He nodded. "That's right, nothing. I will return to Spain and pick up where I'd left off. I've been doing just fine for four years."
She shook her head. "Then you don't really mean it. You don't really l-love me."
He clenched his jaw. "Yes, I do."
"If you did, you wouldn't just leave."
He shifted his weight onto his right foot. "Why? Are you going to tell me you're in love with me? I don't think so. I'm perfectly fine returning to my life." He started to leave and she grabbed his arm.
"No! Will you just listen to me, now? No, I'm not going to tell you I'm in love with you. If you would shut up for half a second, you would hear that I want you to stay, that I began to fall for you in November, and now I want you to stay. To see. You can always return to Spain if you discover that the real me isn't nearly as wonderful as imaginary me."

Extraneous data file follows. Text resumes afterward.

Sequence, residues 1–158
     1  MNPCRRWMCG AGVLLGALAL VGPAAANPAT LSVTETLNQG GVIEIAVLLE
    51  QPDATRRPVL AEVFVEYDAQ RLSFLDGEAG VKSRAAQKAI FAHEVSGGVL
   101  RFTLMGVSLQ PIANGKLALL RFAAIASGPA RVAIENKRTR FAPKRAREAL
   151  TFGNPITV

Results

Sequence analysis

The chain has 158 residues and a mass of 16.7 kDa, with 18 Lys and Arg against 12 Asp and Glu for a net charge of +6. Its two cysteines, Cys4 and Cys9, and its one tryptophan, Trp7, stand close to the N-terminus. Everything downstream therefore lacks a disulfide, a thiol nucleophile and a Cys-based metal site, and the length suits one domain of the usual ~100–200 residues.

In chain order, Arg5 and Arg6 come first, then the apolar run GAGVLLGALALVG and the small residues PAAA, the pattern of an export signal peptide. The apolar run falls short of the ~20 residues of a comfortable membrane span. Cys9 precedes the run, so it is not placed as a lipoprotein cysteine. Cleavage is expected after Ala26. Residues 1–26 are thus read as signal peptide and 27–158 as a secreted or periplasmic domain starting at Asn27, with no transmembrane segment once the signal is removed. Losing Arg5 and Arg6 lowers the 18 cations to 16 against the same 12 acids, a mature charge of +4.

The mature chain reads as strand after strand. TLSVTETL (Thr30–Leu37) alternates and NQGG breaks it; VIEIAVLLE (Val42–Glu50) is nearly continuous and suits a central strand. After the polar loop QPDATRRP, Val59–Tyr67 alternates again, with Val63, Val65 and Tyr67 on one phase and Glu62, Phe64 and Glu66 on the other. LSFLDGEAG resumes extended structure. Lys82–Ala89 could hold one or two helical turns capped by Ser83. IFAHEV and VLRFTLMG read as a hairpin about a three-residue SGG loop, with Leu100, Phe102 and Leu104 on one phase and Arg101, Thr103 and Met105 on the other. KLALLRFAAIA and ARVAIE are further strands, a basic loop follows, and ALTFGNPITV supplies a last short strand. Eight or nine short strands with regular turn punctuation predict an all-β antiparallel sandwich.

"What do you mean?" he said, and Hermione recognized in his eyes the same confusion she'd felt moments earlier.
"Since you've been here, have your feelings for me changed?"
He regained his mental bearings, and said, "No."
"Good. So maybe we have something. Only, you're not in love with me. You can't possibly be."
His eyes flashed dangerously. "Do not try to tell me how I feel."
"But you can't. We haven't seen each other in four years, how is it possible that you could truly be in love?"
"It's true. I know because it has been four years, but it's just like no time had passed. Don't think I wanted this, don't think I tried to stay this way; believe me, I wanted out. But it hasn't happened, and seeing you again only confirmed it."
"So why, then, would you just leave without trying?"
He lost his mental bearings and stared at her. "I had no reason to think you'd ever feel anything for me."